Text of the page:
I remember all too well how we walked by foot to and from the grocery store in the dead of winter (the town stops when 2 inches of snow fall), everyone looking at us from their passing cars like aliens. We were shocked to have all these perfect-looking fruits and vegetables — especially tropical ones like bananas and pineapples — in the middle of winter, but we learned quickly that they rarely had much taste. We bought our first car after 2 months and our first house after 5 years, and haven’t looked back since.

Is there a particular person who you are grateful towards who helped make the move more manageable? Can you share a story?

Aside from Mom, who got us out of Russia, this would definitely have to be Faye and Peter Oeltgen, the couple that brought us out with a job contract. Their kindness remains with us until this day.

So how are things going today?

America is definitely the land of opportunity, but it’s not exactly covered in gold. Life is unquestionably better in terms of quality and opportunity than it would have been for us in Russia. But this has been hard-won through insane challenges and setbacks. I’ve been blessed to be free to be exactly who I want to be, study what I want, live where I want, marry whom I want and raise my kids the way I want, despite the difficulties. In this vein, I’ve managed to build a successful business, write for top publications, publish books, help thousands of people transform their lives, careers and businesses and to travel widely, share my insights with many people and to make a solid living doing it. Our gratitude to America for accepting us and giving us the runway to succeed is unwavering.

How have you used your success to bring goodness to the world?

Once I got clear on my life mission, how to pursue and how to monetize it by helping empower people in their lives, careers and businesses, it’s been an amazing time coaching and consulting hundreds of people, writing articles for top publications, being on podcasts, TV, etc. My message is always the same — to help give people the language and psychology to succeed on their own terms.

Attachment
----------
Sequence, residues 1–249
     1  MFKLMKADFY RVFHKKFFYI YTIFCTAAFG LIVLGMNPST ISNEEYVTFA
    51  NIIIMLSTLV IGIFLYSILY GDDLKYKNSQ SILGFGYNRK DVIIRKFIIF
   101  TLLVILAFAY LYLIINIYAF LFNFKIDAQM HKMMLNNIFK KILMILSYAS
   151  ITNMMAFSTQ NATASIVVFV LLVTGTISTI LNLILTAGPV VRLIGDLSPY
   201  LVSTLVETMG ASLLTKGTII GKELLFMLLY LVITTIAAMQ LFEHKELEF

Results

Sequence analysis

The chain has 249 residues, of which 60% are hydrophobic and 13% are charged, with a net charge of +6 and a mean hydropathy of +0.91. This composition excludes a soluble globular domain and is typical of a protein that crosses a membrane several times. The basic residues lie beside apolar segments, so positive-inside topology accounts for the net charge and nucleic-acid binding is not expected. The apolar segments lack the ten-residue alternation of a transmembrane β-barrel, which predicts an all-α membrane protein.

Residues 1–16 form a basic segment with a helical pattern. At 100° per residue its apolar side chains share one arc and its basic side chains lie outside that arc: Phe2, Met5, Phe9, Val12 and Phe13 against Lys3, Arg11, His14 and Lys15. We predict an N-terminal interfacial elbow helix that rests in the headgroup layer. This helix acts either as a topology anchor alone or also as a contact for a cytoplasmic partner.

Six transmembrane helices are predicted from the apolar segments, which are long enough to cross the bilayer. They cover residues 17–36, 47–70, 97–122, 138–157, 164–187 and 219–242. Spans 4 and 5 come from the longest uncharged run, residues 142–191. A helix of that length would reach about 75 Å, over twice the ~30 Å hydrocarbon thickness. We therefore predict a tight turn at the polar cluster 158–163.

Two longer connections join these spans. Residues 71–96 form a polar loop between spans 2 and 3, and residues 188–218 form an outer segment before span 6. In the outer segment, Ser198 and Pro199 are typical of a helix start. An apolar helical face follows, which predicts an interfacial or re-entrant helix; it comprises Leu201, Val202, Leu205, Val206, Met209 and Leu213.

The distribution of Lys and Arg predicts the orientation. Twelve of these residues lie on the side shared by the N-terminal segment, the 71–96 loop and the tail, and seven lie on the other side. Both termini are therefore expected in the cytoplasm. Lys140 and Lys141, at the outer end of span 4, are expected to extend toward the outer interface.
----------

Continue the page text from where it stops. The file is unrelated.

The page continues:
You have first hand experience with the US immigration system. If you had the power, which three things would you change to improve the system?

I’m not a political animal or policy wonk and my views are never party-line. That said, as an immigrant in tech, I would first undoubtedly extend the H1 program for tens, even hundreds of thousands more highly-skilled immigrants to come to the U.S. each year to contribute to growing the economy. I would then pass immigration reform in Congress to help clarify the status of the millions in limbo through a mix of formal status that allows the IRS to collect taxes more widely and deportation of criminals and others breaking the law. Thirdly, I would make the borders more secure through a system of tech savvy fences like the ones Israel uses. Immigration policy must remain humane, if firm, as well as recognize the realities of service, agriculture and meat processing industries, which is that Americans largely don’t want to do these jobs, so we need to help immigrants get their start there

Can you share “5 keys to achieving the American dream” that others can learn from you? Please share a story or example for each.

  1. Work harder than everyone else when needed (often is), but even more importantly, work smarter than everyone else. Working yourself into the grave is hardly the immigrant’s dream. You have to evolve and level up consistently, so that you can move on to higher and higher-value work. I’ve done this consistently throughout my career, moving from babysitting to academia to sales to paralegal work to legal work to finance to tech to coaching to consulting, always adding greater and great value to my clients and myself. It’s always a work in progress, but you have to leverage what you learn to add ever greater value to people’s lives, so you can take more value for yourself, as well.